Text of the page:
spoonless
Oct. 8th, 2006 08:19 pm (UTC)

At the offset, string theorists had the audacity

meant to type "at the outset". However even that isn't really correct... I should say "at some point in the 80's, after people realized certain things about string theory and got a bit overexcited."
spoonless
Oct. 8th, 2006 08:26 pm (UTC)

i guess when i posted my entry on Cosmic Variance, you'll see my thoughts on how truly idiotic it is to homogenize what people are working on before you're even sure who is right and who is wrong.

I'm looking forward to read it.
onhava
Oct. 8th, 2006 09:41 pm (UTC)
I'm really getting exasperated with this debate. Personally, I think there are real sociological criticisms to make of high-energy physics, but they're certainly not the simple-minded nonsense people keep repeating all over the internets. And I find it kind of odd that, after arguing that string theory doesn't make concrete predictions about the real world, the recommended ways of dealing with this from Woit and Smolin are respectively "let's go think really hard about representation theory and the Dirac operator!" and "let's pursue an approach that isn't known to give flat space and doesn't appear to address the issue of renormalizability!" It's not that one might not get somewhere by pursuing those paths, but it's pretty obvious neither of them is talking about an idea that will clearly relate to the real world in the near future, if ever.

It's also clear that the dynamics of the Landscape are terribly understood, and I have no idea whether a better understanding of them could help with predictivity. The more I learn about eternal inflation, the more I'm fundamentally skeptical that it makes any sense as a mechanism for populating the Landscape. Hartle-Hawking sorts of ideas might turn out to be more relevant and predictive. Or something else. Who knows? No one, as far as I can tell, which is why we certainly shouldn't abandon the field now.

My exasperation has been driving me to waste too much time posting annoyed and/or snarky anonymous comments on blogs, so I should probably just stop reading physics blogs for a while.
spoonless
Oct. 8th, 2006 10:19 pm (UTC)

The more I learn about eternal inflation, the more I'm fundamentally skeptical that it makes any sense as a mechanism for populating the Landscape. Hartle-Hawking sorts of ideas might turn out to be more relevant and predictive. Or something else. Who knows?

I'm glad to hear you say this, because it makes me think "good, I'm not the only one!" I've been secretly hoping ever since people started talking about the Landscape that we will one day use Hartle-Hawking (or some other kind of Everett-style universal wavefunction) to populate it. I wonder why there has been so much attention on eternal inflation when the quantum multiverse in contrast has a perfectly well-defined measure on it which should make it much easier to get predictions out. I guess the problem is that most people are far less convinced than I that that sort of multiverse even exists... or maybe they just feel more comfortable talking about an eternal-inflation style multiverse.

I was pleased when this paper came out, but it didn't get much attention. Unfortunately, I still have a lot more to learn before I can really contribute to the technical discussion on these types of issues, or understand exactly what they're doing and how.

My exasperation has been driving me to waste too much time posting annoyed and/or snarky anonymous comments on blogs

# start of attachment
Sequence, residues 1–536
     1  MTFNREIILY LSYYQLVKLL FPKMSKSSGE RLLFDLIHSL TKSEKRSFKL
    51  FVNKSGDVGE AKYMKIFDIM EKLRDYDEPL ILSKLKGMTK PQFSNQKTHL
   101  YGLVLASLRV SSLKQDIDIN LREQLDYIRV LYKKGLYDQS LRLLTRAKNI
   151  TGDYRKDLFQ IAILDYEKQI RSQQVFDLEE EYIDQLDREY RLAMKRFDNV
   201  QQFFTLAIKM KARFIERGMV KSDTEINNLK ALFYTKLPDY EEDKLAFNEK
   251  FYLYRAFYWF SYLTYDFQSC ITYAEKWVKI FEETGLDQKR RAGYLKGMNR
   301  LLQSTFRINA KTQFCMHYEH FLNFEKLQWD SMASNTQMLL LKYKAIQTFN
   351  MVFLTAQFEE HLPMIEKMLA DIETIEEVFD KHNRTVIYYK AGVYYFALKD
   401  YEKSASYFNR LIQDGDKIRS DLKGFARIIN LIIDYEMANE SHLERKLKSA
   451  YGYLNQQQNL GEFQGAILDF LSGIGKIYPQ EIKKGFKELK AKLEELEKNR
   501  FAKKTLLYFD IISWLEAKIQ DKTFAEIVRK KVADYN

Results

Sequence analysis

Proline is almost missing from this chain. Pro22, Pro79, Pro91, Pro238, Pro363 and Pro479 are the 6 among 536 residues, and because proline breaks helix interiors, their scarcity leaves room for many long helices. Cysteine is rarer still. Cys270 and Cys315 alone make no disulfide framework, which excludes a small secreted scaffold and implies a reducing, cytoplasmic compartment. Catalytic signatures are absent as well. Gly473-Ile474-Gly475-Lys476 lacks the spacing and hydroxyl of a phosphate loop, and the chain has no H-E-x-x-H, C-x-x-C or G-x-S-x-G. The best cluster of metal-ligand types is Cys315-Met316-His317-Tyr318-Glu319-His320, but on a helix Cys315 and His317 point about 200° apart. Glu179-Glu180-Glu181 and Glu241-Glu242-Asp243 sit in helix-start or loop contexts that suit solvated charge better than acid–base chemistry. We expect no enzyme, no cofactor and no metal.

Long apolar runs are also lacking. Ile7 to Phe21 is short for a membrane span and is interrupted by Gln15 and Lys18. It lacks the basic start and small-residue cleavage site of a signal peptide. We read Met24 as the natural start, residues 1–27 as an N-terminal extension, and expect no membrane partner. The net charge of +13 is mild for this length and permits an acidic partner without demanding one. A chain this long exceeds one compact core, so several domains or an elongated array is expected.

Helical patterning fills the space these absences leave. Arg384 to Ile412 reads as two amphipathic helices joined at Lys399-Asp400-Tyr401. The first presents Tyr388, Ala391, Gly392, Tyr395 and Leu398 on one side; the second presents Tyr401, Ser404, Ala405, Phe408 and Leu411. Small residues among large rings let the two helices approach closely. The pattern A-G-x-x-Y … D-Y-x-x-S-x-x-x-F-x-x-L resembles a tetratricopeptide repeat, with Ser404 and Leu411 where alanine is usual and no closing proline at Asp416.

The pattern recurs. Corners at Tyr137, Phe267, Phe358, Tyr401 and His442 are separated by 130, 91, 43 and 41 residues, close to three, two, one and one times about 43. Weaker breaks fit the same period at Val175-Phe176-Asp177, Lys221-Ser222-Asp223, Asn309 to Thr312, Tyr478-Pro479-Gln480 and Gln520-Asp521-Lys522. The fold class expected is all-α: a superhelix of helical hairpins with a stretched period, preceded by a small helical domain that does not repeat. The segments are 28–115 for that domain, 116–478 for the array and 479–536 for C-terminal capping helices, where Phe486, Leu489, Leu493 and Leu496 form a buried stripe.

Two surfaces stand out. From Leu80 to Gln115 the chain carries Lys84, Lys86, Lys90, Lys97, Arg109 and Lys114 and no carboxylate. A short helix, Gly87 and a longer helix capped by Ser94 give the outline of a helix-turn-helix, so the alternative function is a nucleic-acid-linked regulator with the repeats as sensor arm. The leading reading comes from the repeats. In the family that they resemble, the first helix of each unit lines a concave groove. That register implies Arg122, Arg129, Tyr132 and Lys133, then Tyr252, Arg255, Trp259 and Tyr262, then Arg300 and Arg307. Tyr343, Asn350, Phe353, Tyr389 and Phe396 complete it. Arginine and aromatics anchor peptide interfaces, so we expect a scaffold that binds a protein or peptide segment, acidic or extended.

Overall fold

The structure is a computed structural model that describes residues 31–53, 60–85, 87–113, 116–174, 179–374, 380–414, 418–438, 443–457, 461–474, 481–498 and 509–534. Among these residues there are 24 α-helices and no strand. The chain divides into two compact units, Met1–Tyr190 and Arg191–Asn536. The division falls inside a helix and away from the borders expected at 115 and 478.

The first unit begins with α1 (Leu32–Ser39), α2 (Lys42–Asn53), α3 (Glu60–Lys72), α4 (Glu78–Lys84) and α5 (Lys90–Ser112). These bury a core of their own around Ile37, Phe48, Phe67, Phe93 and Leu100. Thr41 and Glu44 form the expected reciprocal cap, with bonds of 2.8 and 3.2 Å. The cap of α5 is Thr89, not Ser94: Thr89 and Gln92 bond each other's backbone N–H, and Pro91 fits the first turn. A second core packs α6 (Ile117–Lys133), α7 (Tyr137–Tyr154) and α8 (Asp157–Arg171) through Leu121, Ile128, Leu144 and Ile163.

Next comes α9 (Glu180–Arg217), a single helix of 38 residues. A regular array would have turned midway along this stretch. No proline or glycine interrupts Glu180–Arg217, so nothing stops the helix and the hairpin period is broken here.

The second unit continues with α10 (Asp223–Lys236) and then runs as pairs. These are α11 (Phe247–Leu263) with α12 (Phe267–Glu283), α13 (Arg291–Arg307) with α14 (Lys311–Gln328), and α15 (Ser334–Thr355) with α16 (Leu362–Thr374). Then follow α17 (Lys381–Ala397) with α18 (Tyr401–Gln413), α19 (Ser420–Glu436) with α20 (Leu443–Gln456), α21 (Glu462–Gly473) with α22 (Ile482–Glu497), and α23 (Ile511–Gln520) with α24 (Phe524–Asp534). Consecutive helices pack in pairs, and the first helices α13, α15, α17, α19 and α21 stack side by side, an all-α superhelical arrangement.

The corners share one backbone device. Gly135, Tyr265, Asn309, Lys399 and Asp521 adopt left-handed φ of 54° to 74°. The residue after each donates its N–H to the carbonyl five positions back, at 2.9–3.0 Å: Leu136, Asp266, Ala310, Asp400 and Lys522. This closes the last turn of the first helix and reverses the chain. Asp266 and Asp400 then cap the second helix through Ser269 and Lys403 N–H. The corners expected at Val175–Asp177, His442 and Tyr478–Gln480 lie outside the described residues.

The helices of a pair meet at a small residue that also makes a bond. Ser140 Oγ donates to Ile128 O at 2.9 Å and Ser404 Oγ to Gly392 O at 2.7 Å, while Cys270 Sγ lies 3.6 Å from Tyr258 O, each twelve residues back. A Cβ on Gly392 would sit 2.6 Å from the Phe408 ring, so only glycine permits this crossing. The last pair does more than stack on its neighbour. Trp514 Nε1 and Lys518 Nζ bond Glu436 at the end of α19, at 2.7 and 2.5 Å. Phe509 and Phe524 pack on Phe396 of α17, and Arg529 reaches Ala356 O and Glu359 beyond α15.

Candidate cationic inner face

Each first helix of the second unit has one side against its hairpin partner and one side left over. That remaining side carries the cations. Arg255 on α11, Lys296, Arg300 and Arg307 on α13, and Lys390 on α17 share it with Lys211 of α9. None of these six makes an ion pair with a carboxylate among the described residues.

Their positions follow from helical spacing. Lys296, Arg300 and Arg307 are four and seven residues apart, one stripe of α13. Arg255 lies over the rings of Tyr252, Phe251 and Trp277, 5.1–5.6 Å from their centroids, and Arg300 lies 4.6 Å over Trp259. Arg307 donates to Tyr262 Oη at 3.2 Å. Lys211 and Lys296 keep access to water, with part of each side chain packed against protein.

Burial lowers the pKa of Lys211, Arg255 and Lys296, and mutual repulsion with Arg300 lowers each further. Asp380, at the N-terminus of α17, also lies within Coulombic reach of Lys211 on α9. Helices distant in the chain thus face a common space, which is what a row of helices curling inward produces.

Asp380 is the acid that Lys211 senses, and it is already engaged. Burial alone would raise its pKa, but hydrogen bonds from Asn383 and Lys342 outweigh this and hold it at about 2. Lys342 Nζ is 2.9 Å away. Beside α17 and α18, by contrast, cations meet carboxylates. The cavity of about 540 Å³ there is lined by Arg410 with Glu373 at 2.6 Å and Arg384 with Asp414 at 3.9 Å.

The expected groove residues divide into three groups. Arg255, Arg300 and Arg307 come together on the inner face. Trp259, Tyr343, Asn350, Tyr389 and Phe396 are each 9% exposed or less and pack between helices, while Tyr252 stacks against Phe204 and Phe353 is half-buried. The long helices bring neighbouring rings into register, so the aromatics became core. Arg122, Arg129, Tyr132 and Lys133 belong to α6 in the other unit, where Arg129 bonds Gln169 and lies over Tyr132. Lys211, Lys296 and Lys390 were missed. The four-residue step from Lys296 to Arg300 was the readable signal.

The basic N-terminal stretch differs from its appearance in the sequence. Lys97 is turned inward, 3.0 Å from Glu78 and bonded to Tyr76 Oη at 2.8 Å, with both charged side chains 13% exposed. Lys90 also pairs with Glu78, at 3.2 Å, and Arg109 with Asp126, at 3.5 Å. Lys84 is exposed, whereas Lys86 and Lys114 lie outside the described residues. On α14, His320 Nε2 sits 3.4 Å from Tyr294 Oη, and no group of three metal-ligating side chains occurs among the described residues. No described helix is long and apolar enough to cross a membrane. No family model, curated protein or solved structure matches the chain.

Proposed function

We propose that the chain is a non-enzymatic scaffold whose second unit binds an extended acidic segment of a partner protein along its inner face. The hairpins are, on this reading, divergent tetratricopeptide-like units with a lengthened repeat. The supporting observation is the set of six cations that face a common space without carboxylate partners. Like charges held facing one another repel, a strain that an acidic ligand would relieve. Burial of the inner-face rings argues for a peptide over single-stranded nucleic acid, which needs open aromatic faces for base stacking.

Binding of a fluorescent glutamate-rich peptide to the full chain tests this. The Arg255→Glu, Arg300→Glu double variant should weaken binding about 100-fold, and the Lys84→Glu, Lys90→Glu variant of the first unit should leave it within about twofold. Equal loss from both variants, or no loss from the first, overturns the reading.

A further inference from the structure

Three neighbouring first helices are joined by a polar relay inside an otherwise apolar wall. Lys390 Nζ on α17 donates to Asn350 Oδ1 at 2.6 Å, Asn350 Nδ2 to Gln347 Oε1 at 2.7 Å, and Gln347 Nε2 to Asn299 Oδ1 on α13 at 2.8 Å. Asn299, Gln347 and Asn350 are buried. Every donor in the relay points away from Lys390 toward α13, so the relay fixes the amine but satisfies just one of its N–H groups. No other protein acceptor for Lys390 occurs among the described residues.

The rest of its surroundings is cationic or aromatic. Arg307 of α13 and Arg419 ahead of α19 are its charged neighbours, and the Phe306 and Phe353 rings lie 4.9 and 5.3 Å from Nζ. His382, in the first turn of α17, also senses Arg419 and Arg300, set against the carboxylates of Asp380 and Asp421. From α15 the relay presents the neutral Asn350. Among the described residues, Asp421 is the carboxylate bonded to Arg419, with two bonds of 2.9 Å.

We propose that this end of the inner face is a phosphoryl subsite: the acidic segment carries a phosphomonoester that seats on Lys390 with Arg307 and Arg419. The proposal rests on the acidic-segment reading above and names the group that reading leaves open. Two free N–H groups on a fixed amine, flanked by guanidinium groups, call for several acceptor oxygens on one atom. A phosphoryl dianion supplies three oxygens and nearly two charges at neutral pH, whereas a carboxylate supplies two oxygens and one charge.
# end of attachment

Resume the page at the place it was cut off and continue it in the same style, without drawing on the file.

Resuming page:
yeah. I'm amazed at the level of confusion that gets involved here, even among physicists, but especially in the media... although I suppose that's nothing new. I wouldn't worry too much, though... this should blow over eventually. Even if a few important physicists have to take some time out from their career to explain to the right people what is going on here.
onhava
Oct. 9th, 2006 01:32 am (UTC)
Yeah, Hartle-Hawking is something I'm aware of because of stuff people here have done (e.g. this paper). I get the impression the concept is fairly popular at Harvard also, with all this OSV stuff I don't understand....

Recently we've had some weekly group meetings here to review lots of stuff about black holes, inflation, and so on, which is giving me a good incentive to dig into some of the older literature more. Last week I reviewed Coleman/deLuccia for the group, which I learned a lot from. I've also been reading some of these old Guth papers on bubbles of false vacuum, which have me pretty confused: evidently from the outside they look like black holes, but then what happens when those black holes evaporate? It looks like back then they thought the baby universe just pinches off and it's no problem, but given the current point of view on black hole information I'm not sure that makes sense?

That Hawking / Hertog paper is in the stack of stuff I'm wanting to read and understand soon, but probably I'll have to go back and learn more background first.

Anyway, it's all a lot of fun, and while I'm not going to completely give up working on QCD and collider physics anytime in the foreseeable future, I would like to be able to work on this sort of thing too, or at the very least keep up with the technical details of what's going on. Maybe I'm just being overly optimistic, but I feel like if we really understand quantum gravity at a deeper level it will probably become apparent that there are feasible experimental tests that no one has conceived of before.
spoonless
Oct. 9th, 2006 05:18 am (UTC)
Sarangi/Tye paper looks great, I'll put that on my list to read. I'm surprised all this stuff avoided my detection, I guess it must just be because eternal inflation is really big over here on the west coast. Everybody loves Linde.

There's a lot of work going on here about Coleman-deLuccia and bubbles of various things. I follow some of it, but I don't know the answer to your question about what happens when the black hole evaporates. Pinching off certainly doesn't sound right to me; I don't know.

while I'm not going to completely give up working on QCD and collider physics anytime in the foreseeable future

The stuff you're doing is pretty bad ass, I wouldn't feel too left out. I wish I knew more about AdS/QCD and holography, what an incredibly rare combination of fun and usefulness/testability!